Depending on your smartphone's operating system, you can download SenoApp either from the Play Store (Android) or from the App Store (iOS).


I'm receiving false predictions. What to do?

Make sure that you placed your sample correctly and checked for specific instructions when you  selected the application under the "Select app" tab. You can also recalibrate the SenoCorder under the "Calibrate" tab by following the provided instructions.

What if the device is not showing in SenoApp?

Make sure the device is turned on and both Bluetooth and location services are activated on your phone. Refresh the devices tab by tapping on the red button showing a magnifier.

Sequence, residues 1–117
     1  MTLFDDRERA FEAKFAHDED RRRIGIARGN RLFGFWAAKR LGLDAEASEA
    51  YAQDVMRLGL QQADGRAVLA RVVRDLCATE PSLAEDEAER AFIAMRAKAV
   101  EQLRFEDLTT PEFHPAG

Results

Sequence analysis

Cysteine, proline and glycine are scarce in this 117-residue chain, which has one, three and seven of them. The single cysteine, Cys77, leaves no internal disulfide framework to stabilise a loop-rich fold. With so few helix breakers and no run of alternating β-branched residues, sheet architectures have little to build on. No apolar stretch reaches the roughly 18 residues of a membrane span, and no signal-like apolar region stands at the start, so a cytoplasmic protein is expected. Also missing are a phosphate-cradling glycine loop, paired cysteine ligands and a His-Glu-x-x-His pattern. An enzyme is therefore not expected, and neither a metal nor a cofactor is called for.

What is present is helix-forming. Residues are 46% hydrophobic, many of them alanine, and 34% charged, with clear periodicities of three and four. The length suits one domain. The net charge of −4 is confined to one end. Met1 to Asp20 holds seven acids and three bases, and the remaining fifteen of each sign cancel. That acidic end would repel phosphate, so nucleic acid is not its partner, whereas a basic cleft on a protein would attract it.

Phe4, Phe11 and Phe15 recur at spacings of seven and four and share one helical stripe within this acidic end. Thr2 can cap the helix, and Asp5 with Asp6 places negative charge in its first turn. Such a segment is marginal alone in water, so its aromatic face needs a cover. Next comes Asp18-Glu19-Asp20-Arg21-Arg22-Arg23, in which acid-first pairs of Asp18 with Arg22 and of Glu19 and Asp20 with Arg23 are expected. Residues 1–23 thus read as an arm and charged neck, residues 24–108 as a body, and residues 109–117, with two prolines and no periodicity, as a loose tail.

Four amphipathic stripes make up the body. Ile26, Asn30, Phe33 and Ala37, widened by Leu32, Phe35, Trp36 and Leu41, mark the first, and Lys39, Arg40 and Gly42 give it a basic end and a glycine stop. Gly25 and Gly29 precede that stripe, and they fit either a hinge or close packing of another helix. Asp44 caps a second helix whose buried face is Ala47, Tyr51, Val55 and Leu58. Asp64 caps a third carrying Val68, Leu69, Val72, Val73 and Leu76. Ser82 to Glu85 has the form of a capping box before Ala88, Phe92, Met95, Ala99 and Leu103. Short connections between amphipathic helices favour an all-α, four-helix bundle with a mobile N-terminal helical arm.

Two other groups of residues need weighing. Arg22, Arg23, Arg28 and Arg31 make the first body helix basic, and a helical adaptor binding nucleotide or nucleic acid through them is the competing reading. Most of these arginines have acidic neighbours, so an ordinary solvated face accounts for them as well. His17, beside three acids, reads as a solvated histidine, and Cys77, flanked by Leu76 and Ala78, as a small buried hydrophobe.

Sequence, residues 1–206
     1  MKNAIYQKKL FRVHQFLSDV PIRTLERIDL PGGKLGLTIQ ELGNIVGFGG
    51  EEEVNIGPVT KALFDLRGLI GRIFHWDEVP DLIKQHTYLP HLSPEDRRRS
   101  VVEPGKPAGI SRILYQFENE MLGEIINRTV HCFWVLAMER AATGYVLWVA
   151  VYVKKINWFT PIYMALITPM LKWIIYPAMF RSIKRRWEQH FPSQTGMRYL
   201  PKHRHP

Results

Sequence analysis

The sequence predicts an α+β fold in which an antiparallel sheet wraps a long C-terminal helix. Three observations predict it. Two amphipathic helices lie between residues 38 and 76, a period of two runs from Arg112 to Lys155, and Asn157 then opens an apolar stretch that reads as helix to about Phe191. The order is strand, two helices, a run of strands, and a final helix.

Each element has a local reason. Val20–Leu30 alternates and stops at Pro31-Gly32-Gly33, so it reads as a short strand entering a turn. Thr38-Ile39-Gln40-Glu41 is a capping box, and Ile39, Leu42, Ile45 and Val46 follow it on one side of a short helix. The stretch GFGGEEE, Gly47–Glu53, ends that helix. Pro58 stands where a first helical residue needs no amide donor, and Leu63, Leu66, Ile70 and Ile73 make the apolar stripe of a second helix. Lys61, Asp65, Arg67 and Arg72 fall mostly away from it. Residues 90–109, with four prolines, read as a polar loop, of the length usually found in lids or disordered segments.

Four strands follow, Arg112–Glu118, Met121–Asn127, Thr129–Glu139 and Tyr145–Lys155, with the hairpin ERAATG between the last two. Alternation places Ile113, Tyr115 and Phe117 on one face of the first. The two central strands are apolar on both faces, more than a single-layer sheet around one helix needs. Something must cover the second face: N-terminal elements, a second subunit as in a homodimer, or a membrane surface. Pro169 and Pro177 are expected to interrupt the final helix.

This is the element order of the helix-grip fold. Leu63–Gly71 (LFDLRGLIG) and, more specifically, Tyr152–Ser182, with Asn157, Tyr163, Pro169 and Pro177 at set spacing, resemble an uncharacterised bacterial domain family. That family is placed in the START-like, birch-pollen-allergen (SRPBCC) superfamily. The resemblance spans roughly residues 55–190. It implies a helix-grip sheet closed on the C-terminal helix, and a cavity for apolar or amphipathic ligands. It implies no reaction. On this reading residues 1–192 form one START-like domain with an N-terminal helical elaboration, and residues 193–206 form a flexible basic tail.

If you don't own the SenoCorder 2.0 but an older version of our handheld device, then you won't be able to use SenoApp. However, you can still use SenoSoft.

Hardware and devices

How and when to charge the SenoCorder?

The battery level is shown in the status bar in SenoSoft and under the tab "Connected" in SenoApp. We recommend charging the device with the included USB-C cable if the battery level is 20% or less. Additionally, the LED at the back of the device will turn red to indicate a low battery status.

Do you have further questions?

Don't hesitate to contacts us to receive the answers you are looking for. We are continiously updating our FAQ section to ensure that you are provided with the information you need.